- Kikari, an application powered by MOTECH, directly call expectant women and provides critical health tips aimed at their stage of pregnancy. Mobile Academy, another program yet uses Interactive Voice Response (IVR) texts on phones to train health workers on maternal and infant health care. Accredited Social Health Activists (ASHAs) are appointed based on the village of service towards improving India’s maternal and child health.
- Reports from the ministry of health and health welfare of India show that rural areas in Madhya Pradesh are affected by 57 deaths in every 1000 births. Other two regions also register high mortality rates of about 285 maternal deaths in every 100000 births.
In the western world, especially in Texas, the Texas A&M University system chancellor, John Sharp with Senator Juan Hinojosa, launched an initiative “Healthy South Texas” to reduce preventable diseases along with their consequences in the region. The initiative incorporates the expertise of the Texas A&M Health Science Center with Texas A&M AgriLife extension services to reach and promote preventative health on a localized level to the community. This will significantly improve the well-being of South Texans for generations to come. The initiative has created various tools, events, and resources to help people live healthier. The activities range from the state’s premier athletic community conference, personalized health monitoring to a range of mobile applications.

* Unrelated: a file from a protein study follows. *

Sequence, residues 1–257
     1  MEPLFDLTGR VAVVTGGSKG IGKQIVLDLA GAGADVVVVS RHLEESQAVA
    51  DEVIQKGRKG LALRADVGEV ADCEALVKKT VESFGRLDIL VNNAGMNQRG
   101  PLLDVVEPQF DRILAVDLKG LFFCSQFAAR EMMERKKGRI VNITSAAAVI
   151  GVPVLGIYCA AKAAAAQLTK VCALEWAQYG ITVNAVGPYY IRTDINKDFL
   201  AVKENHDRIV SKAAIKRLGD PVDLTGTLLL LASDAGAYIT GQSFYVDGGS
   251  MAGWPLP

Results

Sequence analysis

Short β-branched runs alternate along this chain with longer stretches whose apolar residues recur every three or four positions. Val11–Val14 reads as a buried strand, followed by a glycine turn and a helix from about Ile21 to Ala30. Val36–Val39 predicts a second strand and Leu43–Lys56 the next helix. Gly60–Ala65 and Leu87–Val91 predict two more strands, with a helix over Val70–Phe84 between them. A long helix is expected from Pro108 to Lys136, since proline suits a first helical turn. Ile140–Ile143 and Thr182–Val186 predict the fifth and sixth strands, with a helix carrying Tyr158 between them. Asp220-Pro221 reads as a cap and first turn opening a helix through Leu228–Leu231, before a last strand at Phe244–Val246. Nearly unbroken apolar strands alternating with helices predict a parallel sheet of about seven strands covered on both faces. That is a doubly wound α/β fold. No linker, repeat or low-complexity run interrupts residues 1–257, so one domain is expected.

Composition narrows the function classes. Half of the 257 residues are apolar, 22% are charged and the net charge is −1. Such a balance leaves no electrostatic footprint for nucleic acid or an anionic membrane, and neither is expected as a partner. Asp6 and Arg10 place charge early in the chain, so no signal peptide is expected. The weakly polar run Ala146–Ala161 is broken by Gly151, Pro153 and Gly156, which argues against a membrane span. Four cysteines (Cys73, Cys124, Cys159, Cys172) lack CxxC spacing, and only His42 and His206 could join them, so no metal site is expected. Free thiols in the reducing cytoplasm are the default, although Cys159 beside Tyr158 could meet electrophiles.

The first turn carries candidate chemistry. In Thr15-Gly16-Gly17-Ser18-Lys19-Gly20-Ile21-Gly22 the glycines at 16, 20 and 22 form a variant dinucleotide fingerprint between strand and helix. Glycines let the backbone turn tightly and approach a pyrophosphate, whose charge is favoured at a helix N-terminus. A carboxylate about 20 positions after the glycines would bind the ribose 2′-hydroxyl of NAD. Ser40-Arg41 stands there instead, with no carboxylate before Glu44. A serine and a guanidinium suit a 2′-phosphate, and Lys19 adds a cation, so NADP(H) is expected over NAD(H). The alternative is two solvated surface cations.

Despite the slow advances in medical technology, clinical treatment and the delivery of healthcare services, mHealth have made significant strides as discussed in this article to help reduce the health care access disparities worldwide. We believed and hoped that the initiatives launched all over will work to the decisive in achieving the health equity objective.